Honda, Japan's third-largest carmaker, is to build a $100m components plant in Georgia and expand its engine-making facility in Alabama, highlighting the rapid growth of the car industry in the US south-east.
The investment also underlines the aggressive expansion of Japanese carmakers in the US at the expense of local manufacturers, such as General Motors and Ford.
Foreign carmakers have poured billions of dollars of capital into the US south-east over recent years, shifting the centre of gravity of an industry that has traditionally been located in northern states, such as Michigan and Indiana.
Carmakers have been attracted to the south-east by relatively low labour costs, a largely non-unionised workforce and hefty financial incentives from states desperate to attract fresh investment and jobs.
Growth in carmaking has helped breathe fresh life into the economy of a region hurt badly by the loss of traditional industries, such as textiles and agriculture, to developing countries.
Alabama has won the largest share of investment by foreign carmakers but Tuesday’s announcement by Honda showed that neighbouring states, such as Georgia, were also benefiting.
Koichi Kondo, Honda's chief operating officer in North America, said in an Atlanta news conference that the company would also invest an additional $70m (€54m, £37.7m) in its engine plant in Alabama and a further $100m in its transmission plant in Ohio.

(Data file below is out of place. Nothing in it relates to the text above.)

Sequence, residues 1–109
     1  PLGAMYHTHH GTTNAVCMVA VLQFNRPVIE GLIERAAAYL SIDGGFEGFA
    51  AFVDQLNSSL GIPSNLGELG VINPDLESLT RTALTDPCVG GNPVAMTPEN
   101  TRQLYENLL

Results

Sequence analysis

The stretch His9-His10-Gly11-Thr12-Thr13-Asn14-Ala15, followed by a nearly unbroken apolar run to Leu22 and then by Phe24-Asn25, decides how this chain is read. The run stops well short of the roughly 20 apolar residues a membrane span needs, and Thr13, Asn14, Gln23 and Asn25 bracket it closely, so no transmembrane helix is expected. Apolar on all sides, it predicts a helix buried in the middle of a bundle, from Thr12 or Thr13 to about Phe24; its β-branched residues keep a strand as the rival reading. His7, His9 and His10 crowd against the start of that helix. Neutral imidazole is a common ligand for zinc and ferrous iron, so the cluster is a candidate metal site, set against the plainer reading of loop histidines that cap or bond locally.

The additional $270m will bring Honda's total investment in the US to $8.5bn.
The company said about 97 per cent of the components of its cars sold in the US were now manufactured in North America.
Georgia's state government offered incentives worth about $7m to attract Honda to Tallapoosa.
Hyundai Motor, the South Korean carmaker that is building a $1bn plant in Alabama, is among the other foreign carmakers investing heavily in the US south-east.
Honda said it would build 300,000 automatic transmissions every year at the planned facility in Tallapoosa, 40 miles west of Atlanta, creating about 400 jobs. The new site, which will start production in 2006, will feed the company's vehicle assembly plant in Lincoln, Alabama.
Honda's US announcement came a day after the carmaker said it would quadruple car production in Wuhan, China, by 2006, as part of its joint venture with Dongfeng Motor, the Chinese car group.